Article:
Kotlin was awarded the Open-Source Award for Breakout Project of the Year at the O’Reilly Open Source Software Conference (OSCON) this week.

RELATED CONTENT: The rise of Kotlin

“There is no doubt to us why Kotlin received this award: it’s a fast moving (but thoughtfully developed) programming language that lets you write better code, faster,” the Android team wrote, adding that Android is going increasingly Kotlin-first.

The Android team has added many new features to the language since it announced support for it two years ago including support for Kotlin and Kotlin extension libraries (KTX) in Android Jetpack APIs and an improved compilation toolchain. 

“The road to fully supporting Kotlin on Android was not always easy, but it was truly rewarding seeing Kotlin adoption among professional Android developers rise from a handful of early adopters to around 50% since the original announcement,” Android wrote. “It shows how disruptive and transformative Kotlin has been, and not just for the Android developer community, but beyond.”

Embarcadero announces RAD Studio 10.3.2
Embarcadero announced the release of RAD Studio 10.3.2 with expanded support for C++ developers building Windows applications and for Delphi developers building macOS 64-bit applications.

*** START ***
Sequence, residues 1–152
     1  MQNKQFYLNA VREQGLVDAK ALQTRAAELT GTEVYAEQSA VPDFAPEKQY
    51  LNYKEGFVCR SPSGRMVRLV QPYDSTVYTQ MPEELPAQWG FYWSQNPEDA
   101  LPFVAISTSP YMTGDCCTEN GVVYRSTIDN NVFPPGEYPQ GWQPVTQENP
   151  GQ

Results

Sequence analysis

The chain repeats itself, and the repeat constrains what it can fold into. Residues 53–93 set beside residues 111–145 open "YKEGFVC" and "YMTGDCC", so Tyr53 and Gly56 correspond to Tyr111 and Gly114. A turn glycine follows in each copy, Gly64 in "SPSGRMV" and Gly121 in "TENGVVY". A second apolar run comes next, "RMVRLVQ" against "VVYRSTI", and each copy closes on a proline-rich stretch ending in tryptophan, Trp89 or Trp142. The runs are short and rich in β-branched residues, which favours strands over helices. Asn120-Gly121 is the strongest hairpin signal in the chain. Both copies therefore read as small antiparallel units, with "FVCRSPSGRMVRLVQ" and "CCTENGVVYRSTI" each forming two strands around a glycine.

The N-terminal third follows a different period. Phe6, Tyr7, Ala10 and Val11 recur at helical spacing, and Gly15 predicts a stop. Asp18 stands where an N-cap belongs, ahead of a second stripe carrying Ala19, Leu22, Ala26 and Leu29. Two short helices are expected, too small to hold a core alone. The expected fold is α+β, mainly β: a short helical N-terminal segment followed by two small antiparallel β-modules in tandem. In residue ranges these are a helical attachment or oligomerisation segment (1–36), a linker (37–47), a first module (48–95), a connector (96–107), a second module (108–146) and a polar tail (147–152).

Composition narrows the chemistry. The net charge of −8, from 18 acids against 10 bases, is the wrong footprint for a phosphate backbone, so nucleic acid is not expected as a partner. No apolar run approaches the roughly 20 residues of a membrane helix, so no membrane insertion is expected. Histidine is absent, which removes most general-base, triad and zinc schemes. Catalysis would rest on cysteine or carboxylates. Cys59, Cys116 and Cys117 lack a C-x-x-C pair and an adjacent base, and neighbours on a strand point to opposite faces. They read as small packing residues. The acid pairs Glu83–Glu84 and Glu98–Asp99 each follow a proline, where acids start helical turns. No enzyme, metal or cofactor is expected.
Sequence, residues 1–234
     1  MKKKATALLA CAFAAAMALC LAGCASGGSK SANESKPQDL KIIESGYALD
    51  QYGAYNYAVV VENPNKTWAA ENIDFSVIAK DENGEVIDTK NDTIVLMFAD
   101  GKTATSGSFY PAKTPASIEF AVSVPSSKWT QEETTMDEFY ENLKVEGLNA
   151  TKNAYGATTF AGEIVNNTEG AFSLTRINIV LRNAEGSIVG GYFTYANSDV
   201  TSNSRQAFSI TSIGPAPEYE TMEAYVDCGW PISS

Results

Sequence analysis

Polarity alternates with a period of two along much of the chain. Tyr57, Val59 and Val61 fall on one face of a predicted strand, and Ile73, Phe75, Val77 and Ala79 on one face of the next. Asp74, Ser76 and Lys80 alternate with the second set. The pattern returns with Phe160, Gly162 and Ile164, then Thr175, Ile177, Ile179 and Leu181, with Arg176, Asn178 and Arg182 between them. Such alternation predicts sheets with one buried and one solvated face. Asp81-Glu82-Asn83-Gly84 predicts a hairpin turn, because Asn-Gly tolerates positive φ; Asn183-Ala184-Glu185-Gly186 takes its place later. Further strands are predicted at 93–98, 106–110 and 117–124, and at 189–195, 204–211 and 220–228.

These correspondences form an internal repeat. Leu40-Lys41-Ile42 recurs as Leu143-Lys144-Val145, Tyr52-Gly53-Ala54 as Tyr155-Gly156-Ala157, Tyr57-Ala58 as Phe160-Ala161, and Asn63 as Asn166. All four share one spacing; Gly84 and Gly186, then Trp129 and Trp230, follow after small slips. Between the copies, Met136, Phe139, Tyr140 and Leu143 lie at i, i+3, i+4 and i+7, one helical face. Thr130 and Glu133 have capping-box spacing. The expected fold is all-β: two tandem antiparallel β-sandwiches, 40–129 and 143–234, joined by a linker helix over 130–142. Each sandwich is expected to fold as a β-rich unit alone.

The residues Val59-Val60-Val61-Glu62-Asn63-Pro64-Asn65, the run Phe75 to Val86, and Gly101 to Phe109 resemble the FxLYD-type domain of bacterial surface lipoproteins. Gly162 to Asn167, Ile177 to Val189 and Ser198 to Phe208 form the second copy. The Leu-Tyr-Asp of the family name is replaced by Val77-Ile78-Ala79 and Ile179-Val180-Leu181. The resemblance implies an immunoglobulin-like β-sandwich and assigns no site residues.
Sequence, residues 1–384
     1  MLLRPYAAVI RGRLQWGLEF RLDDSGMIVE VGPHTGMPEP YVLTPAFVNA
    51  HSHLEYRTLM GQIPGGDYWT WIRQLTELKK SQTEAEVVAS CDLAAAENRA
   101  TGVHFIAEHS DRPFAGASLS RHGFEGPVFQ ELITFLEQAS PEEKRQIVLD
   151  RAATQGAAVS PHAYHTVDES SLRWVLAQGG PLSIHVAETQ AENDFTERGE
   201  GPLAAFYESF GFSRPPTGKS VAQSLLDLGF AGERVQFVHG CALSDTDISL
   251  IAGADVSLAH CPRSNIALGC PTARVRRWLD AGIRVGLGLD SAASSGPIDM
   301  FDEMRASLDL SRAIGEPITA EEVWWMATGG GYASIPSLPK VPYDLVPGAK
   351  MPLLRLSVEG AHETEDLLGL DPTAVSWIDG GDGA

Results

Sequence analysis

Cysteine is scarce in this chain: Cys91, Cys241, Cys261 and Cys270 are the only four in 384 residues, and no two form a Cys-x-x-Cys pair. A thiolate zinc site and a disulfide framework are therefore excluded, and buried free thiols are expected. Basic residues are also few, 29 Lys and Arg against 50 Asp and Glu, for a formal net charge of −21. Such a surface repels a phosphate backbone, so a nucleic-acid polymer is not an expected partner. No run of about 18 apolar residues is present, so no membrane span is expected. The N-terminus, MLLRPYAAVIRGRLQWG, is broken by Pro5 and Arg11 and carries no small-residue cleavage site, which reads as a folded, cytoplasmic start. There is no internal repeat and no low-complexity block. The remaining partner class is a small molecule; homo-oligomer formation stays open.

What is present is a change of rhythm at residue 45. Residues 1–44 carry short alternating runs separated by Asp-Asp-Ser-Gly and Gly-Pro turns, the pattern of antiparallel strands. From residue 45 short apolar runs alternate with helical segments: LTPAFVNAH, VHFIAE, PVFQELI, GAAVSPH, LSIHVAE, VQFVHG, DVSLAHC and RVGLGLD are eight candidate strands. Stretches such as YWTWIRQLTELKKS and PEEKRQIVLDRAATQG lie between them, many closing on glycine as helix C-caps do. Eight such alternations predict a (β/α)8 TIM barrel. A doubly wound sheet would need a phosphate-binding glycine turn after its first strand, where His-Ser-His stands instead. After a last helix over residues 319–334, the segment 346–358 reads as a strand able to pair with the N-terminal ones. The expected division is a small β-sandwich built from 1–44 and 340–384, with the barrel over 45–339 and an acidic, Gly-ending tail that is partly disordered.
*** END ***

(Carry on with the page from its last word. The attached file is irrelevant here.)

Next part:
The RAD Studio enhancements include the ability to target the macOS App Store with 64-bit versions of Delphi FireMonkey applications, target five platforms from a single Delphi codebase, and build Delphi GUI applications for popular Linux distributions. The full list can be viewed here

“RAD Studio 10.3.2 streamlines the application development lifecycle by giving developers a single source codebase that they can simply recompile and redeploy across Windows, macOS, iOS, Android, and Linux,” said Atanas Popov, general manager at Embarcadero.

Camunda announces workflow engine for microservices
Workflow automation provider Camunda released a horizontally scalable, cloud-native workflow engine for microservices to provide visibility into workflows that span multiple microservices called Zeebe. 

Zeebe integrates with cloud-native components like Kubernetes, Apache Kafka and Elasticsearch, executes industry standard BPMN and is fault tolerant without requiring a database, according to the company.

 “We’re excited to now offer a production-ready version of Zeebe, which supports mission-critical business processes that previously couldn’t be handled by a workflow engine due to their scalability or architectural requirements,” said Daniel Meyer, CTO of Camunda.

ML.NET 1.2 and Model Builder receive updates
Microsoft announced ML.NET 1.2, an open-source and cross-platform machine learning framework for .NET developers, as well as updates to the Model Builder and CLI. 

The Model Builder is a UI tool for Visual Studio and the ML.NET CLI simplifies the process to build custom ML models using automated machine learning.

The updates also includes general availability of TimeSeries support for forecasting and anomaly detection, general availability of ML.NET packages to use TensorFlow and ONNX models.

The full list of updates can be viewed here